The Noto Peninsula is one of the few peninsulas along the Sea of Japan side of the country. The rural peninsula has a rugged coastline, and offers visitors an opportunity to get lost in time. Easily one of my favourite peninsulas to visit, purely for its rural vibes and countryside charm, the Noto Peninsula is also chock-full of many hidden gems that have remained relatively unscathed by modernization and human traffic.
The best way to get around the Noto Peninsula is by car. Train service, which connects to Kanazawa, only goes to one side of the southern half, while bus services require a lot of planning. The coastal roads offer views of the rugged coastline, while inland roads pass through small villages, farmland and forest.
Below are some places I found to be particularly beautiful when I visited the Noto Peninsula.
Northern half of Noto Peninsula
Known as Okunoto, the more rural and remote area of Noto Peninsula, the northern half of the peninsula offers visitors an opportunity to be lost in time. Sightseeing attractions tend to be more spread out, but the scenic coastal drive makes up for the distance.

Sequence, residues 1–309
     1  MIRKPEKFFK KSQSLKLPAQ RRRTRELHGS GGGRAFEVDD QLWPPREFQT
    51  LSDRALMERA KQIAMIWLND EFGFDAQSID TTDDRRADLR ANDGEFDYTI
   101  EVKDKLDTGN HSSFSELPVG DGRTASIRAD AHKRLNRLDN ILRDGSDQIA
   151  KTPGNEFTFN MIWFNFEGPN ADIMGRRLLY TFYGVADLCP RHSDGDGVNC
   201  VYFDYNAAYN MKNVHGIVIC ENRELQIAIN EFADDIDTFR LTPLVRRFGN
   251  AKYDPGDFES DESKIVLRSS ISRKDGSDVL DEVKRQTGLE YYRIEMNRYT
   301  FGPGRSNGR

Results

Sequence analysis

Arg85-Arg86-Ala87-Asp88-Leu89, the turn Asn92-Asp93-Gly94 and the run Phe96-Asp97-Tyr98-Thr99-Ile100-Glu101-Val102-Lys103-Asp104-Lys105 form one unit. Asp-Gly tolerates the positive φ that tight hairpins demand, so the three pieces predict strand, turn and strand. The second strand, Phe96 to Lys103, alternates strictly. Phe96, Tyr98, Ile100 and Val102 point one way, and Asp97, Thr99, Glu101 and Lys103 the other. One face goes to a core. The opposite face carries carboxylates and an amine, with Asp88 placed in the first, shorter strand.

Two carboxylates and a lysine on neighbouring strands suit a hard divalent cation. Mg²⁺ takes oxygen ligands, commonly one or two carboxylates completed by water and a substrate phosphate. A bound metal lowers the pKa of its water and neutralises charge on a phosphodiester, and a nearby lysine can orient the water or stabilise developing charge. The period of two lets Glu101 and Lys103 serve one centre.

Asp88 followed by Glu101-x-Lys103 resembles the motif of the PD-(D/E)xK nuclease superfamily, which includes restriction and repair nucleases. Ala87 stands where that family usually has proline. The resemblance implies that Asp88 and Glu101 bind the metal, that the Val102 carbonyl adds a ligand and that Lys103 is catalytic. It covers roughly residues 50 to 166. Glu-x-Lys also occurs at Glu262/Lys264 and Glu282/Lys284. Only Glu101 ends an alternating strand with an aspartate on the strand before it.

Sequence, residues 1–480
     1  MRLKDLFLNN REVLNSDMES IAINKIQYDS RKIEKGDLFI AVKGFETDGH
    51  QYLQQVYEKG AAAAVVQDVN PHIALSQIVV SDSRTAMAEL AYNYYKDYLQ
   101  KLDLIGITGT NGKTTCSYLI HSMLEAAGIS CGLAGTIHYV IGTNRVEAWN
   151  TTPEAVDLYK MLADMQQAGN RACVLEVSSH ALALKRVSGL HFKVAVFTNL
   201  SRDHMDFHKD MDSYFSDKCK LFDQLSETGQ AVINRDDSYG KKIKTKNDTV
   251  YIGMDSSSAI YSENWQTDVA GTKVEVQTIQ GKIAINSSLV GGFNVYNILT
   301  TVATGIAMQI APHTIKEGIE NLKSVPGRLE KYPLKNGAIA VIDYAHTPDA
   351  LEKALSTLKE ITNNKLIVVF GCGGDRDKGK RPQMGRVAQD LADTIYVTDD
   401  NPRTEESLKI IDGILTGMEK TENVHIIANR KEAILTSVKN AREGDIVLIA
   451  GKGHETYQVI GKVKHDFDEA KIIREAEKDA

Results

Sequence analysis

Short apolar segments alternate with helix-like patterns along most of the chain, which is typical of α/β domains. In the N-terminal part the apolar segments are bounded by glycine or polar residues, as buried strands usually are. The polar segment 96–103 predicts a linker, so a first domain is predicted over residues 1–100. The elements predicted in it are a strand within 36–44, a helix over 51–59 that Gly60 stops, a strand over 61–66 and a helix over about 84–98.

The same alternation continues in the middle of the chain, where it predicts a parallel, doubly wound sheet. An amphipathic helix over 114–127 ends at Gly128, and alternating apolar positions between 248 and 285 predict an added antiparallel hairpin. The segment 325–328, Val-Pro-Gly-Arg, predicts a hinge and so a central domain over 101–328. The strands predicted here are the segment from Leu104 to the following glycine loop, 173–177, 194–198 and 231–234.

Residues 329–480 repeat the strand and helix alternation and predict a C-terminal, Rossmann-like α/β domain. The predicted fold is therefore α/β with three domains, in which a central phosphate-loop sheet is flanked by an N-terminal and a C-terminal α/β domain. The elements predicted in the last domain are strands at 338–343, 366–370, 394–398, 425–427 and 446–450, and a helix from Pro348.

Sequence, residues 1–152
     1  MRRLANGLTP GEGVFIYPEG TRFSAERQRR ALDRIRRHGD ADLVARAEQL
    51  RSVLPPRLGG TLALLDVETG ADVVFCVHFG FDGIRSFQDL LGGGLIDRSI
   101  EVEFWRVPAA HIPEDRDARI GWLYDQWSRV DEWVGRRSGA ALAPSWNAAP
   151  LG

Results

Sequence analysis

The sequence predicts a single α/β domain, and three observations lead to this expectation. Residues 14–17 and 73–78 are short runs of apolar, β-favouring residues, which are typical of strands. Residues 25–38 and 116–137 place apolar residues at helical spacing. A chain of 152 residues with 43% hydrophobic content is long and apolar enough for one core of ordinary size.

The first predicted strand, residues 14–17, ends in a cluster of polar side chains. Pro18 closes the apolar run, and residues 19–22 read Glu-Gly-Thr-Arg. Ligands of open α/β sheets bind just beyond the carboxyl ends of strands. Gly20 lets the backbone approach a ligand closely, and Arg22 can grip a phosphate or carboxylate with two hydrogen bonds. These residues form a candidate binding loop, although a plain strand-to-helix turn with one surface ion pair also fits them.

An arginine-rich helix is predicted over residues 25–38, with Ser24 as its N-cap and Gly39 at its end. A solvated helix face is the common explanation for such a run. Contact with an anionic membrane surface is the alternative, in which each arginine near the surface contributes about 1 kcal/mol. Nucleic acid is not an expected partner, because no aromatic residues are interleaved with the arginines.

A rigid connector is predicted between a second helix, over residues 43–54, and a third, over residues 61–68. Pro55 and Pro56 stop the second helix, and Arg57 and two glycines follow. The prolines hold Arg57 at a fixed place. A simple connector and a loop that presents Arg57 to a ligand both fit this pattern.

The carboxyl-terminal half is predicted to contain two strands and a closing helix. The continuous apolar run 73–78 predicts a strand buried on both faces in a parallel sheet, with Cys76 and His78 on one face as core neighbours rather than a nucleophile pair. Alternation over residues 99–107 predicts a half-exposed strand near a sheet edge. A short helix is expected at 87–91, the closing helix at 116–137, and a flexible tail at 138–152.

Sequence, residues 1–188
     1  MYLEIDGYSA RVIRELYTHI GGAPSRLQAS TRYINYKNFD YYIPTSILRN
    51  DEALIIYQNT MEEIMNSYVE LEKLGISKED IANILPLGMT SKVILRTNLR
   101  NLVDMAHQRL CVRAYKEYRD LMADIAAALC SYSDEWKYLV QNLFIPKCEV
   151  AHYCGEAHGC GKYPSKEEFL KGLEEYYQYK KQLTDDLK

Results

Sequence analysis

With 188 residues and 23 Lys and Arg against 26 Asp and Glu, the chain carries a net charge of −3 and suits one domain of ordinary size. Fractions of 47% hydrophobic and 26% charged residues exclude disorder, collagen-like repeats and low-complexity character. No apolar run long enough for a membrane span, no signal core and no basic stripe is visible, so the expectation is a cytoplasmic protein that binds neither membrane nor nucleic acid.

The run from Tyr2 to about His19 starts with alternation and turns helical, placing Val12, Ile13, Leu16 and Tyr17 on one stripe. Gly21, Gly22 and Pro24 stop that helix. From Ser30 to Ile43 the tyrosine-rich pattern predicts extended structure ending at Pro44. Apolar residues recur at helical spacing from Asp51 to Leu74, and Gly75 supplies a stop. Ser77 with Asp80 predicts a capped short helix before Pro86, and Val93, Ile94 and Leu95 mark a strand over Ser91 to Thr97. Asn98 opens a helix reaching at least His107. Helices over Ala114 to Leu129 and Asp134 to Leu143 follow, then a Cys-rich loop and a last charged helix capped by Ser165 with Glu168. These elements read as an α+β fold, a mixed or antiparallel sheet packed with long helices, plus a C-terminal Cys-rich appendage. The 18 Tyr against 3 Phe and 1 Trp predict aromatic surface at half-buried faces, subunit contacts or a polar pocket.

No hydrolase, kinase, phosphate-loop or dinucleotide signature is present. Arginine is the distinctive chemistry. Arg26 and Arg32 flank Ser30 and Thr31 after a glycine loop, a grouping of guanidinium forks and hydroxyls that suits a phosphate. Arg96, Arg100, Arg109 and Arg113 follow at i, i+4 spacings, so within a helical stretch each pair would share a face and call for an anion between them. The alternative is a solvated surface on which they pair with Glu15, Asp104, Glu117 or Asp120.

The gems in this half include the Tokikuni Residences, which were occupied by the Tokikuni family - descendants of the powerful Taira clan. The butterfly family crest, which can be seen at the residence, reflects that connection. The Okunoto salt farms are also quite interesting to visit. Noto sea salt typically has fine crystals, and it is usually used as a finishing salt rather than as a cooking one.
Southern half of Noto Peninsula
The more developed and populous southern half of the Noto Peninsula is home to slightly more modern sights, but equally dramatic coastal views as in Okunoto. Some of my favourites of this half include the Agishi Honseiji Temple, the Kita Residence and Chirihama Beach.
Agishi Honseiji Temple's main hall, which was reconstructed in 1792, is said to have one of the three biggest thatched roofs in Japan. The temple is also the Noto Peninsula's biggest and oldest Jodo-Shin sect temple. The exquisite Kita Residence on the other hand, is a well maintained samurai residence that showcases a wealth of traditional Japanese design and techniques. No detail was left out, right down to the window slats.